WASHINGTON — Hillary Rodham Clinton on Saturday delivered the strongest statement of support for gay rights in the 2016 presidential race when she promised that ending discrimination against gay, lesbian and transgender people would be a central pillar of her administration.
“I see the injustices and the dangers that you and your families still face,” she told hundreds of gay activists at the annual meeting of the Human Rights Campaign. “I’m running for president to stand up for the fundamental rights of LGBT Americans.”
She added: “That’s a promise from one HRC to another.”
The statement marked a remarkable evolution for Clinton, who opposed same-sex marriage for more than two decades in public life as first lady, senator and presidential candidate. As recently as this year, Clinton said that while she personally supported gay marriage, the issue was best left for states to decide -a position held by most of the Republican presidential field.
Clinton has placed equal rights at the forefront of her campaign, in part a reflection of the growing political and financial strength of the gay community in Democratic politics.
Vice President Joe Biden, who is considering a 2016 run, was to speak at the group’s dinner, while Clinton was booked on “Saturday Night Live.”
In her appearance, Clinton said she has been “fighting alongside you and others for equal rights and I’m just getting warmed up.”
As activists chanted her name, she promised to work to pass legislation that would end discrimination, lower costs for HIV treatment and stop funding child welfare agencies that discriminate against gay parents.
She committed to pushing equal rights in the military, including for transgender people. Defense Secretary Ash Carter has said the Pentagon’s current regulations banning transgender individuals from serving in the military are outdated. He has ordered a study aimed at ending one of the last gender- or sexuality-based barriers to military service.
Clinton’s remarks, particularly on the transgender issue, went further than any other candidate in the race. “We need to say with one voice that transgender people are valued,” she said. “They are loved and they are us.”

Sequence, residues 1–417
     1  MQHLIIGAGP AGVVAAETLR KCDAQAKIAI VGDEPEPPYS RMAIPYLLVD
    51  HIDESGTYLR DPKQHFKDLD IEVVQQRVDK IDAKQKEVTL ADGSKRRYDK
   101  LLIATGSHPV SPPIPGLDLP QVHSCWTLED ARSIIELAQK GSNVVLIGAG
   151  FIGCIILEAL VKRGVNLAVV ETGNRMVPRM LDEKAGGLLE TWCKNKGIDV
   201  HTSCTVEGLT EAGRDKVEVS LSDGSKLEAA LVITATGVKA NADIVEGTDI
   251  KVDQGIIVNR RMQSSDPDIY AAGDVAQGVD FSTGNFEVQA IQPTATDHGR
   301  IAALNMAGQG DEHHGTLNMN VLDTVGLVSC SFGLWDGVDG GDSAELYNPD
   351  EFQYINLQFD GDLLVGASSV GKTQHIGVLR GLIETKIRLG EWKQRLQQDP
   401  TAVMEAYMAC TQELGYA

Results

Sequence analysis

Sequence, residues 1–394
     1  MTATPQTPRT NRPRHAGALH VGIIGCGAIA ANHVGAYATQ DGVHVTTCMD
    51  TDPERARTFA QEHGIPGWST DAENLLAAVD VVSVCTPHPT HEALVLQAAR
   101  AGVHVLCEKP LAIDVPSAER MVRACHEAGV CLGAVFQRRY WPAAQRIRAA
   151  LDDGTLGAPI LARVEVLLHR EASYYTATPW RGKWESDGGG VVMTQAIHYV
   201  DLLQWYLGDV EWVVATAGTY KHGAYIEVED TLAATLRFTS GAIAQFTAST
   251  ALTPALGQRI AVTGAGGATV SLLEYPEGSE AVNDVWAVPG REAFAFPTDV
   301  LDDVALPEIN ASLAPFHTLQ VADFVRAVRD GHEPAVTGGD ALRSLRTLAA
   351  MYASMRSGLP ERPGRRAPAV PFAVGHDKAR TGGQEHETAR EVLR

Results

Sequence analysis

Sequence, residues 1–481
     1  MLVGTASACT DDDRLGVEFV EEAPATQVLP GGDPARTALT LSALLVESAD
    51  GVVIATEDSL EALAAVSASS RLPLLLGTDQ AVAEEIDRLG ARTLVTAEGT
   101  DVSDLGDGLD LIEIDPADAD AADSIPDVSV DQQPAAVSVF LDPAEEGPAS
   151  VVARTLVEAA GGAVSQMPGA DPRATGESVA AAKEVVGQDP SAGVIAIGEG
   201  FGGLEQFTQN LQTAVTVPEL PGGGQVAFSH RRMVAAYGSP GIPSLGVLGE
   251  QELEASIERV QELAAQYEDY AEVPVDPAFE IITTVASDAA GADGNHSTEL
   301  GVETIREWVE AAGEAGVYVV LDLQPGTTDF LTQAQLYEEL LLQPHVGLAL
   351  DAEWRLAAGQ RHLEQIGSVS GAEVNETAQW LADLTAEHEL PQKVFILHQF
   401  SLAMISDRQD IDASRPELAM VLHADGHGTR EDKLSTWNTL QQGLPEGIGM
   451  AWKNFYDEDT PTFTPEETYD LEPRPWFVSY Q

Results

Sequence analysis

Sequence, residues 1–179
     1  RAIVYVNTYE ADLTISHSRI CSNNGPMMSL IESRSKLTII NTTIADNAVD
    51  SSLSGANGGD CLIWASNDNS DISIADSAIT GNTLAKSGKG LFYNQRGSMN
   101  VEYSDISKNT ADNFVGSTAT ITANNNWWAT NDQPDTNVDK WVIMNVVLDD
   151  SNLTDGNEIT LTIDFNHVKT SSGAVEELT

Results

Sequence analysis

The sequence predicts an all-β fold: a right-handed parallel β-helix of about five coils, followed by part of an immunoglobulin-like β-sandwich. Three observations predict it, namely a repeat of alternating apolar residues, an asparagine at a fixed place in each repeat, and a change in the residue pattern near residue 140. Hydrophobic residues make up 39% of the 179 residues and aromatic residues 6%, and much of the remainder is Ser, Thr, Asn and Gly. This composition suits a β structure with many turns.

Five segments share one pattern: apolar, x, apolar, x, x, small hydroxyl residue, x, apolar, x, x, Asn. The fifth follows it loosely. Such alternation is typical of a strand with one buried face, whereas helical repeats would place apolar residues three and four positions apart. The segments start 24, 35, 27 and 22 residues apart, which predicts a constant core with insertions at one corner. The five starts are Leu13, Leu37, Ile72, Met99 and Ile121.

This summer, her campaign jumped on the Supreme Court’s watershed same-sex marriage decision, changing Clinton’s red campaign logo to a rainbow colored H, releasing a video of gay wedding ceremonies and sending supportive tweets.
Clinton said Saturday that the court’s decision could be overturned, should a Republican win the White House next year and appoint conservative justices.
The Human Rights Campaign made its first presidential endorsement in 1992, backing Bill Clinton, and Hillary Clinton cast herself as a champion for their cause. In 2008, the group largely stayed out of the primary fight, siding with then-Illinois Sen. Barack Obama a day before Clinton dropped out of the race.
Clinton credited the organization with influencing her views.
“I’m really here to say thank you for your hard work and your courage and for insisting that right is right,” she said. “You helped change a lot of minds. Including mine.”
Clinton backed her husband’s Defense of Marriage Act in 1996, and said in a Senate speech in 2004 that marriage between a man and a woman was a “fundamental bedrock principle.” In 2007, she dodged when asked whether she agreed with a statement from the then-Joint Chiefs of Staff chairman that homosexuality was immoral.
But like much of the Democratic Party and the country, her position shifted in recent years. As secretary of state, Clinton said at a 2011 conference in Geneva that “gay rights are human rights, and human rights are gay rights.”
She referenced that statement two years later when she released a video saying she backed gay marriage “personally, and as a matter of policy and law.” In April, her campaign released a statement voicing her support for making gay marriage a constitutional right.
But as recently as a year ago, she was still struggling to explain her switch in position.
“You are trying to say that I used to be opposed and now I am in favor and I did it for political reasons,” she said, in an tense exchange last June with NPR’s Terry Gross. “That’s just flat wrong.”
Her pivot on the issue may give her primary opponents a chance to broadcast their liberal credentials, allowing them to point out that they came to the right side of history years before Clinton.
Vermont Sen. Bernie Sanders, a 2016 rival, voted against the 1996 Defense of Marriage Act when he was in the House. His home state was the first to legalize same-sex unions in 2000 and gay marriage through legislative action in 2009-both efforts Sanders backed.
“For far too long our justice system has marginalized the gay community,” Sanders said in a statement after the Supreme Court ruling, “and I am very glad the court caught up to the American people.”
Biden won praise by endorsing gay marriage ahead of the 2012 election and became the highest elected official to support what was then a highly charged political issue. Obama followed soon after.